More children than ever are now beating cancer and living well into adulthood, but doctors have come across a disturbing trend.
Childhood cancer survivors are facing new medical issues in their 20s and 30s that typically affect people in their 60s or 70s.
Dr. Daniel Bowers, pediatric neuro-oncologist at Children's Health and associate professor in the Department of Pediatrics at UT Southwestern Medical Center, is part of the team looking for answers to what he calls a "premature aging phenomenon."
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"Eighty-percent of all children diagnosed will be long-term survivors, and that's terrific, and that's amazing," he said.
However, his study found that nearly 170 cancer survivors had 190 different types of meningiomas — non-cancerous tumors that typically develop in much older adults.
These young survivors also developed conditions usually detected among people in theirs 60s, 70s and 80s.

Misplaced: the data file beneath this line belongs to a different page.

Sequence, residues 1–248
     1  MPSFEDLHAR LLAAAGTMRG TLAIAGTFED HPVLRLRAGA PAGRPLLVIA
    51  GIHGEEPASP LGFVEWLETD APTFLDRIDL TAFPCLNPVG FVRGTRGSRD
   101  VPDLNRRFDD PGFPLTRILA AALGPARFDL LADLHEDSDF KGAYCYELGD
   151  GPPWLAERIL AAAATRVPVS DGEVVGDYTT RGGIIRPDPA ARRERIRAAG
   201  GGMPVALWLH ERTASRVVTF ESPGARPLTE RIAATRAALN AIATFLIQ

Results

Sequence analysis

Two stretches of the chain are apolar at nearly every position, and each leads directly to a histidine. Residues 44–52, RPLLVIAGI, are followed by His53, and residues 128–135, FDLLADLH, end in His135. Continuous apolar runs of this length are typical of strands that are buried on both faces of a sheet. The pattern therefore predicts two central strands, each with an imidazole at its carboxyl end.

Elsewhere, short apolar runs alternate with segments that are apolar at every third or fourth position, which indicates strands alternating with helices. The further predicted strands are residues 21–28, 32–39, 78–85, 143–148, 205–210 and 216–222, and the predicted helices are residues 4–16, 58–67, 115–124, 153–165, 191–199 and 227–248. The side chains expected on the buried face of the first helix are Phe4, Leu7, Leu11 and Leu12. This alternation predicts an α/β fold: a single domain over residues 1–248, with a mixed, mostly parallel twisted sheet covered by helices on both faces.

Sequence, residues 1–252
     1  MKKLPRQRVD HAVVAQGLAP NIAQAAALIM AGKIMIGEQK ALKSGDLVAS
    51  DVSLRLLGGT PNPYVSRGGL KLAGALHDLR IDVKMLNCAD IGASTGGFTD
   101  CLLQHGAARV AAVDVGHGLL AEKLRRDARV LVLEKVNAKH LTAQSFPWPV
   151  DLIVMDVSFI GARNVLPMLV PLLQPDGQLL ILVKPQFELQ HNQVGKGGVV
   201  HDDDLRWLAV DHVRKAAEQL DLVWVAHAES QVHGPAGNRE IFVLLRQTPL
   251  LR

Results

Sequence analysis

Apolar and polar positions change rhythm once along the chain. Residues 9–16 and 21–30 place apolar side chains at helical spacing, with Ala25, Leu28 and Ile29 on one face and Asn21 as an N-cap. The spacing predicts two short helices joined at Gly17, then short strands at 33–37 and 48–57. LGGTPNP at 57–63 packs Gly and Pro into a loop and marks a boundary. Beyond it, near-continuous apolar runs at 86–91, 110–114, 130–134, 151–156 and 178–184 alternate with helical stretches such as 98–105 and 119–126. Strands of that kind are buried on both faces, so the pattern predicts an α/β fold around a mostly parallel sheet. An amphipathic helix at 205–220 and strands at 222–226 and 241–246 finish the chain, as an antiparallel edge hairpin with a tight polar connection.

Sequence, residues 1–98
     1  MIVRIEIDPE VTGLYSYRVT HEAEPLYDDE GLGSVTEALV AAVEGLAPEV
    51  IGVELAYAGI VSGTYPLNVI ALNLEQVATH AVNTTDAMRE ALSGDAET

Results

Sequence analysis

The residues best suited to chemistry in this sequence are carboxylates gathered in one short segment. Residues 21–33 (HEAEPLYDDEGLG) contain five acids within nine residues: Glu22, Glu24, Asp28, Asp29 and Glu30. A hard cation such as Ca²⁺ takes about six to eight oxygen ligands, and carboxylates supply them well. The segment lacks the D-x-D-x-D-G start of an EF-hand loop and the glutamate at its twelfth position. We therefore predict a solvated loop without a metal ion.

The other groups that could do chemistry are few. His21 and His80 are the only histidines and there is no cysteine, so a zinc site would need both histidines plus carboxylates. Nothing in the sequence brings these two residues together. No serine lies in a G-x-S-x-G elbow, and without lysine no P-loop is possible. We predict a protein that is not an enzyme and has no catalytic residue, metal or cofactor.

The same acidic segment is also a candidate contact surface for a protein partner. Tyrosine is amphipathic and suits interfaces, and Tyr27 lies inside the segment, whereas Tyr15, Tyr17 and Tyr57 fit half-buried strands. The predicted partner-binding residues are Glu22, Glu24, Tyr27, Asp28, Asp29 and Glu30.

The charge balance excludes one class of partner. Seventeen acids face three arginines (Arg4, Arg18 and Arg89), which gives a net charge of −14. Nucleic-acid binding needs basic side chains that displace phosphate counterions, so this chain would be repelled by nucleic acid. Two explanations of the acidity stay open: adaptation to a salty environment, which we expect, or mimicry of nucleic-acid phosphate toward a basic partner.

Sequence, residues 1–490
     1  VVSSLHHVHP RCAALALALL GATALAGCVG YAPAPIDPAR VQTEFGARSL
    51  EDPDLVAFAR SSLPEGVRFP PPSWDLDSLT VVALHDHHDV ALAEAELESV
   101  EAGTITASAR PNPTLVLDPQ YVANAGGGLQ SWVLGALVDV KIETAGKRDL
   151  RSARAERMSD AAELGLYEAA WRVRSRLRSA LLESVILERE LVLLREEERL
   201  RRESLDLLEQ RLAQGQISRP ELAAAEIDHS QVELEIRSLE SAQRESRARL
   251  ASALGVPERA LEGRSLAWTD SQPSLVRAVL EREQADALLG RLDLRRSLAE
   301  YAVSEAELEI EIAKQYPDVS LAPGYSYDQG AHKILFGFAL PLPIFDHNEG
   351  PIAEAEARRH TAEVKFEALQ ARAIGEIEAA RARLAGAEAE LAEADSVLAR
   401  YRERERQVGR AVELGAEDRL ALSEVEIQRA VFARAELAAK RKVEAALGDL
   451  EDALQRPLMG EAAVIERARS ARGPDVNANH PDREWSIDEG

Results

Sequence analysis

"Early heart disease, including early-onset breast cancer, dementia, premature menopause," Bowers listed.
He believes that being exposed to the cancer-fighting therapies, such as chemo and cranial radiation, at a young age can accelerate the body's aging process.
"We are developing strategies for screening these young adults who are cancer survivors for meningioma so we can identify them when they're smaller, when they're easier to manage," Bowers said.
He will also use his findings to help children beat cancer without the harmful affects of cranial radiation so that these tiny fighters live their longest, healthiest lives possible.